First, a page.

2 Structure Characterization

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Structure X-Ray Diffraction (XRD) Crystalline materials (long range order)

Principle of X-Ray Diffraction

Neutron scattering H/D containing molecules

X-Ray absorption spectroscopy (XAS) Amorphous materials ( p (short range order) g ) Composite materials

d

Interference of photons scattered by ordered structures Point lattice with crystalline long range (min. 10 unit cells) Interference positive for:

n = 2d sinBraggs Law

Long range order

X-Ray Powder Diffraction

Experimental Setup XRDPowder Diffraction

a. a

b. b

200 220 222 400 420 422 440 600 442 620 622 444 640 642

111 200 220 311 222 400 331 420 422 511 333 440 531 600 442 620 533 622 444 711 551 640

A fraction of the crystallites will be orientated to satisfy the Bragg condition for each set of planes (hkl). These (hkl) crystallites will be randomly oriented around the incoming beam, so the diffracted beams forms a cone around the incident beam at the angle of 2.

KCl

NaCl

Position of XRD linesPowder XRD of -Quarz

XRD: Identification of structureMiller indices

Neighboring atoms/ Free valences 12/0

8/4

7/5

9/3

Features of a powder XRD and their origin

Application of X-ray diffractionIn situ characterization of catalysts

M O reference MnO f Reduced Fe-MnO catalyst After CO hydrogenationFe (bcc) converts into Fe-carbides

60 min 40 min 20 min

Formation of Pd hydride during Benzene hydrogenation

Formation of metal oxide phasesin situ XRD

Properties of neutronsMass m=1.675 x 10-24g Charge = 0 Spin = Magnetic moment = 1.913 nuclear magnetons

Neutron wavelength range: 0.2 - 20 , 1 meV=8.065 cm-1

=k=

h 2 = mv k 2

Wave vector (mag.)

=

mv

Neutron energy

E=

2 2 1 2 k mv = 2 2m

Neutron momentum

p = mv = k

Reduction of a supported Cu catalysts

Interaction of neutrons with matterMomentum Transfer

Incoherent and coherent scattering cross-sections

p = mv = k Q=Q

(k

0

kf

)k0

Energy Transfer

E=

2 2 1 2 k mv = 2 2m2

D

= E0 E f =k= 2 = mv

2m

(k

2 0

k2 f

)

Incoherent scattering cross-section Coherent scattering cross-section Absorption cross-section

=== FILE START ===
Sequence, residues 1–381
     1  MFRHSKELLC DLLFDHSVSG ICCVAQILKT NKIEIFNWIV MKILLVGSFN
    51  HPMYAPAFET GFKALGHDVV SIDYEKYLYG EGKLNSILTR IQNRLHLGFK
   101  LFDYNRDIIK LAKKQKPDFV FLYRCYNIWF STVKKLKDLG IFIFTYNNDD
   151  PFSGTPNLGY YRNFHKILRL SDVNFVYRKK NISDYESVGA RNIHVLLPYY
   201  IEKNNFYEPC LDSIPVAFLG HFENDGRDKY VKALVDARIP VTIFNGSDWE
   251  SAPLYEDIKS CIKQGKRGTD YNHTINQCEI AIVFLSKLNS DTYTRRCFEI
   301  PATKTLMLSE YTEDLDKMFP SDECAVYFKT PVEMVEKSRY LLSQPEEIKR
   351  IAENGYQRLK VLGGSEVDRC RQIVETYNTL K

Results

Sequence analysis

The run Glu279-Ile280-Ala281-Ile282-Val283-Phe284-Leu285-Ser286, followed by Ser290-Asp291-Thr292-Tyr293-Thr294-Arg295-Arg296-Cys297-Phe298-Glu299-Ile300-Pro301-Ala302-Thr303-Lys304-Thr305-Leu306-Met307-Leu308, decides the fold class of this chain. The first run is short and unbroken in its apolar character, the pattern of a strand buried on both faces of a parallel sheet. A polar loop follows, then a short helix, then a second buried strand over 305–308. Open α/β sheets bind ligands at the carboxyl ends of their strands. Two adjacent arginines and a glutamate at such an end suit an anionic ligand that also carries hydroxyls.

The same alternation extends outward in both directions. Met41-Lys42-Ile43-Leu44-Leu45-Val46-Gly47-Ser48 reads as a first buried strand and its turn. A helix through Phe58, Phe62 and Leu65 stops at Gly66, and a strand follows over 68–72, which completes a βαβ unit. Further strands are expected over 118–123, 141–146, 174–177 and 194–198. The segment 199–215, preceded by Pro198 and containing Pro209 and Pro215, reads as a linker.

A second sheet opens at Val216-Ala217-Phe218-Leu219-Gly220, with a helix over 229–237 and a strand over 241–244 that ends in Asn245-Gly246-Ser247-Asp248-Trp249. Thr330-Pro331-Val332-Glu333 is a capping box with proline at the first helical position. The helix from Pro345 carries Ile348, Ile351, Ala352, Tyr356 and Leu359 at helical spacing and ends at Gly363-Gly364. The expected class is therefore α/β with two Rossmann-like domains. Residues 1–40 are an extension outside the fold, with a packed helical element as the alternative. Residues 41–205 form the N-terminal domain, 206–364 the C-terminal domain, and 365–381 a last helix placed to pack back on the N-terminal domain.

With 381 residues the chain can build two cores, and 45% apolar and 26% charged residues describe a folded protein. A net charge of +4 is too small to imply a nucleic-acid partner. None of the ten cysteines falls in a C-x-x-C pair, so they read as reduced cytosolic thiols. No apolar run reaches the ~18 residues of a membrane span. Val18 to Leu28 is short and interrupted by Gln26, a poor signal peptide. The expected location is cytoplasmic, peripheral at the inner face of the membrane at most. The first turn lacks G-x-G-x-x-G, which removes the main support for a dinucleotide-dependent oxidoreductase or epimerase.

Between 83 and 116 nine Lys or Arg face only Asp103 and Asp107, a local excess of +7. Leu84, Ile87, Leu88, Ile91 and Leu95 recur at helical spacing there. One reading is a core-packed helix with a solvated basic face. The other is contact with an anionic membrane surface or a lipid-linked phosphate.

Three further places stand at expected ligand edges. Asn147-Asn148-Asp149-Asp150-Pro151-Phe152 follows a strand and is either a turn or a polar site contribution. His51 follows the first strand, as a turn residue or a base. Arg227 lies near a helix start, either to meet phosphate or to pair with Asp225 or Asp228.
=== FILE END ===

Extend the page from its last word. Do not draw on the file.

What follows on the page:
N

Ni

H

Coherent scattering interference effects between waves scattered from different nuclei Inelastic scattering kf < k0 (energy loss) Structure and motion of atoms relative to each other

Elastic scattering kf = k 0 0 =0 only momentum (Q) is transferred

Incoherent scattering deviation of individual atom positions from the g p mean potential Motion of single atoms

Elastic neutron scattering Elastic Neutron scattering is a coherent scattering process analogous to X-ray diffraction. kf = k0 only momentum is transferred ( y (no energy analysis) Incoherent scattering increases background use deuterated substances

Experimental setupElastic neutron scattering

Neutrons are scattered by the nuclei, Xrays b th electrons by the l t Light nuclei (e.g., H, C) are easier to locate in structures with heavy atoms by neutron diffractionNeutron scattering densities for C6D6 adsorbed on ZSM5, (top) 4 mol/UC, (bottom) 8 mol/UC

Forschungsneutronenquelle Heinz Maier-Leibnitz (FRM II)

Secondary Sources FRM-II

=243 mm, l=700 mm

http://www.frm2.tum.de

Thermal neutrons: from D2O moderator Hot source: Block of graphite (20 cm diameter, 30 cm high) heated by the gamma radiation to a temperature of ~ 2900 K. Spectrum from 100 meV to 1eV Cold source: Liquid D2 moderator (20 l) temperature about 25 K at a distance of 40 cm from the core axis. The cold neutron spectrum peaked around 5 meV

Neutron energies at the FRM-II

Spallation source ISIS

Energy of neutrons and their application in a research reactor. reactor The size of the colorized area is proportional to the amount of neutrons available for the application.

X-Ray absorption spectroscopy

X-Ray absorption edge

Absorption of X-ray's and promotion of a corelevel electron to continuum

X-Ray absorption near edge structure XANES